Lead Paint Still a Health Hazard in New York City

Though lead paint was banned in 1978, it still represents a huge health hazard to children living in New York City. It’s estimated that there are over 38 million homes nationwide that still foster unsafe levels of lead paint – with New York City having a significantly higher percentage of those due to the construction boom decades before.

In 2004, the City tried to curb the danger by enacting the Lead Paint Hazard Reduction Law (known as Local Law 1). The law pertains to all pre-1960s homes and apartment complexes as well as many pre-1978 buildings. The regulations require that:

  1. Owners make apartments lead safe on turnover.
  2. Owners must ask tenants if a child under 6 will be living in the space and deliver notice of the presence lead paint.
  3. Owners must ask tenants if a child under 6 will be living in the space and deliver notice of the presence lead paint.
  4. Remediation must be done by trained practitioners.

(For more info about lead paint and landlord’s obligations, visit the New York City Department of Housing Preservation & Development)

Lead Paint Continues to Harm NYC Children

Hundreds of New York City children are diagnosed with lead poisoning each year – some with life-threatening high levels of the toxin. Lead paint can cause injuries to children including:

  • Brain damage
  • Lower IQ and memory impairment
  • Academic and learning difficulty
  • Kidney damage
  • Reproductive problems as adults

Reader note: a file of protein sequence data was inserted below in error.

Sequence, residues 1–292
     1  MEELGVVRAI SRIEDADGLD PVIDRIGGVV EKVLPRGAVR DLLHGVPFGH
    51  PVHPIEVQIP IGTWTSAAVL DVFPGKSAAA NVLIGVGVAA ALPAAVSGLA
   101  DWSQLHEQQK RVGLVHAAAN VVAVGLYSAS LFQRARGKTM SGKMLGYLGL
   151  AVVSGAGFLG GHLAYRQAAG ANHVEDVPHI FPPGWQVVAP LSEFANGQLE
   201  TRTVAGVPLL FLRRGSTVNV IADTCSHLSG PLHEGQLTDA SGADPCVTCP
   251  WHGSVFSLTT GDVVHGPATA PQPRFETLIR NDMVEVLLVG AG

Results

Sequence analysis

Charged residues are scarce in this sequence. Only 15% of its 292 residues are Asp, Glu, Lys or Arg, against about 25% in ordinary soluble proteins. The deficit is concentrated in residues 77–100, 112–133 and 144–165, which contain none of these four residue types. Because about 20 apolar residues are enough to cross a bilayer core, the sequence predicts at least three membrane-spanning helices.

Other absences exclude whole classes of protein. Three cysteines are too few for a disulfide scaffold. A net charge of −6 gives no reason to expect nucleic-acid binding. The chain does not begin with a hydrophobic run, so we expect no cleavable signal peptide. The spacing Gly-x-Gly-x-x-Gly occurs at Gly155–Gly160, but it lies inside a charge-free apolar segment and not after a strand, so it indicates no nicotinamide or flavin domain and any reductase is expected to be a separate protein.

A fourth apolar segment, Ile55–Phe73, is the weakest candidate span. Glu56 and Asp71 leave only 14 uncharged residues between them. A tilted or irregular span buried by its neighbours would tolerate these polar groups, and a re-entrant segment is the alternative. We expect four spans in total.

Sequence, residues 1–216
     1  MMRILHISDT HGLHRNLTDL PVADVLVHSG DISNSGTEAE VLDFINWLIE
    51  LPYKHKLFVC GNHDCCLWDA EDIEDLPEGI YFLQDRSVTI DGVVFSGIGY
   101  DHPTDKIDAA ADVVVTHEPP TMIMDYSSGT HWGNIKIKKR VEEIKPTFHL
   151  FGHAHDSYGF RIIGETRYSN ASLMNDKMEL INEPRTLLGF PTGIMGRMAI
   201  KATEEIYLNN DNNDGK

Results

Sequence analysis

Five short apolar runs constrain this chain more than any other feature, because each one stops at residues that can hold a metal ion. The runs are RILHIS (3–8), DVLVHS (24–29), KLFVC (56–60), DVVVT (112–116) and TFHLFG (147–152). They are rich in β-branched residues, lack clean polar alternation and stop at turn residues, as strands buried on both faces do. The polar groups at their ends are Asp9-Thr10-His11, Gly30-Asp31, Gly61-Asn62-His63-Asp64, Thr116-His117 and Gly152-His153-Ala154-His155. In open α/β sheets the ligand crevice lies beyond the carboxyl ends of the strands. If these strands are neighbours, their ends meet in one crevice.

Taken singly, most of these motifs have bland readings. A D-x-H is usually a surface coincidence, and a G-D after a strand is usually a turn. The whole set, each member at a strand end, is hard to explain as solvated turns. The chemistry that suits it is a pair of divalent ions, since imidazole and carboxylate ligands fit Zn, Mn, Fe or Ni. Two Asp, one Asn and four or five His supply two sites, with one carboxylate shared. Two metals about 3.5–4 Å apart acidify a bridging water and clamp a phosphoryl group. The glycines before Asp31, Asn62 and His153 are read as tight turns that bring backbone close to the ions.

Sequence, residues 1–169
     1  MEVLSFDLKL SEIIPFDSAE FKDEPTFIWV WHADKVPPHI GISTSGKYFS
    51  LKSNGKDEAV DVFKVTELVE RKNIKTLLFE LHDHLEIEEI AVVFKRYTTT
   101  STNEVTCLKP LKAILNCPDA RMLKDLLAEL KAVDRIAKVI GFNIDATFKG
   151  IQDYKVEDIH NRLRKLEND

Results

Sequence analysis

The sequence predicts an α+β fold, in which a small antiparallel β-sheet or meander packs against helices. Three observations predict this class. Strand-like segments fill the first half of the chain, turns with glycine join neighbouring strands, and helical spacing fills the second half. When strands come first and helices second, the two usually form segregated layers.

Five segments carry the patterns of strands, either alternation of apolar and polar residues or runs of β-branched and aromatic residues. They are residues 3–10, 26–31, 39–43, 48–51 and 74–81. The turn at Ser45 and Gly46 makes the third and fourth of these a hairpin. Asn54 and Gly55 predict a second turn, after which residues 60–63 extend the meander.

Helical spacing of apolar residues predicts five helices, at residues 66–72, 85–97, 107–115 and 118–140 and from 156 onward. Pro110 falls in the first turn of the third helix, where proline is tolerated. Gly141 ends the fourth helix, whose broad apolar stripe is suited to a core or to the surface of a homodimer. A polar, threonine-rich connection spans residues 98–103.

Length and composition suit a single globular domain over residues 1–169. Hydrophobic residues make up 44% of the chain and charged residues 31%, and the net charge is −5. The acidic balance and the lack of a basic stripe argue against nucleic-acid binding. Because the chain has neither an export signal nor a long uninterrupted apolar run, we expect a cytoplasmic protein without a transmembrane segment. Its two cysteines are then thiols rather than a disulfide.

For years health officials have warned parents about lead levels with a widely accepted threshold of 10 micrograms of lead per deciliter of blood. However, four new studies show that there is no "safe" threshold for lead exposure. The negative effects of lead on the developing brain of a child "may be highest at concentrations below the current ‘level of concern.’"

Even with all of the laws pertaining to the handling of lead paint, building code violations occur every day. 2011 data from the Department of Housing Preservation and Development shows 22,475 lead paint violations in New York City – almost 9,000 in the Bronx alone. Multiple studies have shown a correlation between the lack of earning capacity and the rates of toxic lead paint exposure with children living in Brooklyn and the Bronx having much higher rates of lead poisoning than children anywhere else in the city. Also, children of African American descent are much more likely to suffer from lead poisoning. Statistics from across the country show that African American children are over four times more likely to suffer than white children.

The Daily News recently reported on one such tragedy in the Bronx. Lisa Rosario’s 8-year old daughter tested positive for lead poisoning three years after being given a clean bill of health. The only change was the new apartment. Rosario later found out that the building had been cited for over 30 lead paint violations yet she had not been informed.

Keep Your Children Safe—Know Lead Paint Laws

NYC officials continue to urge residents to keep all children safe by making sure their landlord is living up to their obligations. If they aren’t, they are breaking the law and can be held civilly liable.

Landlords and home owners must inform residents of the presence of lead paint and all lead paint removal must be done by certified professionals. New York City has created a list of specific steps contractors must follow during any removal project (the Landlord Instructions: Abating Lead Paint Hazards). Homeowners and residents should know the steps so they can watch for signs of contractors or landlords cutting corners.

If your child or a child of a friend or loved one has been exposed to lead paint, call (800) 734-9338 for a free consultation to learn your rights. You and your child may be entitled to compensation for the horrible effects of lead paint poisoning. Don’t let a building owner or landlord get a free ride at your child’s expense.